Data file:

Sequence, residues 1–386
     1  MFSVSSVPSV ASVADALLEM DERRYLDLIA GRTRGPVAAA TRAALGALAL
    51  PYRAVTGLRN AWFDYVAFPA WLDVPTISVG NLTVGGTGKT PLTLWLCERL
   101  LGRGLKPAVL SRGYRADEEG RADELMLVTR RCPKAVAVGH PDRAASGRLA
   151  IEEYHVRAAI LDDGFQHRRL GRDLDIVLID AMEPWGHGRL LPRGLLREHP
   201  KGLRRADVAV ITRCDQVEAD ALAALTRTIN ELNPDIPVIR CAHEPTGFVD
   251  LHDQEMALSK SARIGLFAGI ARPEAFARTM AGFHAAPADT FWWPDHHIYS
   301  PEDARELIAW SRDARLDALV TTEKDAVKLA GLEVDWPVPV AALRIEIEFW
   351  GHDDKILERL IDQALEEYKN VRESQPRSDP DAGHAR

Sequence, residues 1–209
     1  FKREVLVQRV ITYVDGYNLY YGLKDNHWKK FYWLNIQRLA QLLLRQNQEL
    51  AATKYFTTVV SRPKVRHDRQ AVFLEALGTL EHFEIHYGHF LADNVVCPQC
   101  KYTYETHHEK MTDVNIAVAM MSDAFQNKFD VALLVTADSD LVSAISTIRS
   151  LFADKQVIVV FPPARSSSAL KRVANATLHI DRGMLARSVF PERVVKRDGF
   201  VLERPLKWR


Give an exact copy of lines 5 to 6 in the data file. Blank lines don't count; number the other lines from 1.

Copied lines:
   151  IEEYHVRAAI LDDGFQHRRL GRDLDIVLID AMEPWGHGRL LPRGLLREHP
   201  KGLRRADVAV ITRCDQVEAD ALAALTRTIN ELNPDIPVIR CAHEPTGFVD